| FAQ - Office Design & Management - 2015
Can the containers used to transport the contaminated instruments and utility gloves be disinfected and kept under the sink in the operatory?
There are actually several aspects to this question. Ask OSAP would like to note that some states may regulate what can be stored under a sink in the dental operatory. It is recommended that you contact your state public health agency (i.e., state health department) to find out if there are any applicable regulations in your state.
Ask OSAP can provide you with some general information on this matter.
Attached for your review is some information pertaining to instrument processing and workflow design obtained from Infection Control and Management of Hazardous Materials for the Dental Team. There are some general principles in the design of an instrument processing area. As this information states:
One should accomplish three goals when designing or organizing an instrument processing area in a dental office.
· Locate in a low-contamination low-traffic area
· Base the physical design on workflow
· Separate “clean” instruments from “dirty” instruments (sterile from contaminated). 1
Ideally, the instrument processing area should be located centrally, if possible, for easy access from all operatories, but it should be away from traffic flow. That is, the area should be a facility dedicated only to instrument processing, be physically separated from the operatories and dental laboratory. And, not part of a common walkway. 1
The 2003 CDC guidelines for infection control in dentistry provides the following general information:
Transporting and Processing Contaminated Critical and Semicritical Patient-Care Items DHCP can be exposed to microorganisms on contaminated instruments and devices through percutaneous injury, contact with nonintact skin on the hands, or contact with mucous membranes of the eyes, nose, or mouth. Contaminated instruments should be handled carefully to prevent exposure to sharp instruments that can cause a percutaneous injury. Instruments should be placed in an appropriate container at the point of use to prevent percutaneous injuries during transport to the instrument processing area (13).
Instrument processing requires multiple steps to achieve sterilization or high-level disinfection. Sterilization is a complex process requiring specialized equipment, adequate space, qualified DHCP who are provided with ongoing training, and regular monitoring for quality assurance (247). Correct cleaning, packaging, sterilizer loading procedures, sterilization methods, or high-level disinfection methods should be followed to ensure that an instrument is adequately processed and safe for reuse on patients. 2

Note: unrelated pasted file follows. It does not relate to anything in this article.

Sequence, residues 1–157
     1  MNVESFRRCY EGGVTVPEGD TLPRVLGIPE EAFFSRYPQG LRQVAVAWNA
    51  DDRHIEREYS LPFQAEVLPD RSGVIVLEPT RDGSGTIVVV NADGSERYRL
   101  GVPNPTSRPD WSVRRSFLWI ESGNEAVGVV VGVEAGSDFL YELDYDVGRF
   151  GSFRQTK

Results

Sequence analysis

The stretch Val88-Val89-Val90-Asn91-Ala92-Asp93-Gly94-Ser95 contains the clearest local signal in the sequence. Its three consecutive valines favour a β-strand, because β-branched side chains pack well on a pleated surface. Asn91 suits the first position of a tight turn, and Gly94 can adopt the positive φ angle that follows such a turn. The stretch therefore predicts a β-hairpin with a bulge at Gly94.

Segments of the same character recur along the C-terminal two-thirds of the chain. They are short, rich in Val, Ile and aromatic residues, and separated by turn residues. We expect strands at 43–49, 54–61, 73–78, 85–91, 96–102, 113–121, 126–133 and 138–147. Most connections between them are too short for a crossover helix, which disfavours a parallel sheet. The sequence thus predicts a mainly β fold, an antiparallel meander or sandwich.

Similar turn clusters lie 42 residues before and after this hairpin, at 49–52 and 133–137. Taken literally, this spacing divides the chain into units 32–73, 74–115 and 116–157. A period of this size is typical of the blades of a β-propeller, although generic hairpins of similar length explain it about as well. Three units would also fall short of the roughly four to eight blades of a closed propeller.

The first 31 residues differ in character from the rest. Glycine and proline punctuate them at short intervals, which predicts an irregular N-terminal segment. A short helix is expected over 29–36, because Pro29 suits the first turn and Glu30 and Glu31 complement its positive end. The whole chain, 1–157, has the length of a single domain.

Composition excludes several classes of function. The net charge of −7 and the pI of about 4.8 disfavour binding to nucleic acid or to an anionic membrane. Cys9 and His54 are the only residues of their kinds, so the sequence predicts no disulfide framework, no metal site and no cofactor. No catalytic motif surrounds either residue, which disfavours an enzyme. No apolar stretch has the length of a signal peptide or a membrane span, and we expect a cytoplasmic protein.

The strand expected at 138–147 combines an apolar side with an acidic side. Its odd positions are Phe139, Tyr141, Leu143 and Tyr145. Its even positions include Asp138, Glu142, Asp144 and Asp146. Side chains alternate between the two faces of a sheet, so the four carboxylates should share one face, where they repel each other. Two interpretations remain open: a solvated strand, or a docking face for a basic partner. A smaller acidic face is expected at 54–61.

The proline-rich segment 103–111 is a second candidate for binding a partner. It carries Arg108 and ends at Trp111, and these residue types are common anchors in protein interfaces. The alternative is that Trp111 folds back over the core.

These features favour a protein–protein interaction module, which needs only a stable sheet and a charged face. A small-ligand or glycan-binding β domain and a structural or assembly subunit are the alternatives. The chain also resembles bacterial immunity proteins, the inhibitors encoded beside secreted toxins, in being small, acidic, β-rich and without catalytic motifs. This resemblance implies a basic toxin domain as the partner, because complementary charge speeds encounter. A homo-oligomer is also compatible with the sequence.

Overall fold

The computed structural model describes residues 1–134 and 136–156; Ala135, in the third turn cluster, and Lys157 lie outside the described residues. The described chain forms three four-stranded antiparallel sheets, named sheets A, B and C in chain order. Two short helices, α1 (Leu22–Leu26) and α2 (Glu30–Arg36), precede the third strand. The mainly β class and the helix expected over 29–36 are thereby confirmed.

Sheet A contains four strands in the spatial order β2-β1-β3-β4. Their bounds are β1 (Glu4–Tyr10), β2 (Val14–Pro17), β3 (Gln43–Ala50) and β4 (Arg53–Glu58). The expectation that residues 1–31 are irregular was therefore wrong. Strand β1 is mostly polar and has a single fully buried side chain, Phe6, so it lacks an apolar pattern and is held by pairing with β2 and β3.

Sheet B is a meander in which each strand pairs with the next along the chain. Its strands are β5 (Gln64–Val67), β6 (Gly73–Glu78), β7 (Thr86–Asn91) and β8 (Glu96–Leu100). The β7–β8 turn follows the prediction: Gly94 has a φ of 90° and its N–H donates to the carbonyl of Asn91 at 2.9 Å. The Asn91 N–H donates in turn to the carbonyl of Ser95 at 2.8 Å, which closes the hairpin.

Additionally, Practical Infection Control In Dentistry states:
Handling and Transporting Contaminated Patient-Care Items Contaminated instruments should be handled as little as possible and carefully to prevent exposure to sharp instruments that can cause percutaneous injury. Also of concern is exposure to microorganisms on contaminated instruments and devices through contact with nonintact skin on the hands or with mucous membranes of the eyes, nose, or mouth. All contaminated instruments and devices should be handled carefully by DHCP wearing heavy-duty utility gloves in addition to other appropriate PPE such as protective clothing, protective eyewear, masks, and head and shoe covers. Examination gloves do not provide adequate protection against sharps injuries. Instruments should be placed in an appropriate covered puncture-resistant container in the dental treatment area to limit cross-contamination and prevent percutaneous injuries during transport to the instrument-processing area. These carrying containers should be either red or labeled with the biohazard symbol.3
Infection Control and Management of Hazardous Materials for the Dental Team states as follows:
Operatory Cleanup and Instrument Processing
To provide more protection for the hands during operatory cleanup and handling of instruments than that provided by the thin latex or vinyl patient care gloves or thin copolymer or plastic gloves, one should use utility gloves of nitrile or heavy latex when preparing and using chemicals, precleaning and disinfecting contaminated surfaces, and handling contaminated items during instrument processing. Each person in the office needing these gloves should have his or her own pair or pairs of gloves. The heavy utility gloves are reusable and can be washed with an antimicrobial handwashing agent, rinsed, and dried. 1
1) Miller CH. Infection Control and Management of Hazardous Materials for the Dental Team, 5th edition. Elsevier/Mosby Publishers. Pages 109, 143-145.
2) Kohn WG, Collins AS, Cleveland JL, Harte JA, Eklund KJ, Malvitz DM, Centers for Disease Control and Prevention (CDC). Guidelines for infection control in dental health-care settings—2003. MMWR Recomm Rep 2003;52(RR-17):1-61. http://www.cdc.gov/mmwr/preview/mmwrhtml/rr5217a1.htm Accessed on April 15, 2015
3) Molinari JA and Harte JA. Practical Infection Control In Dentistry – Third Edition. Wolters Kluwer / Lippincott / Williams & Wilkins. Pages 222-223.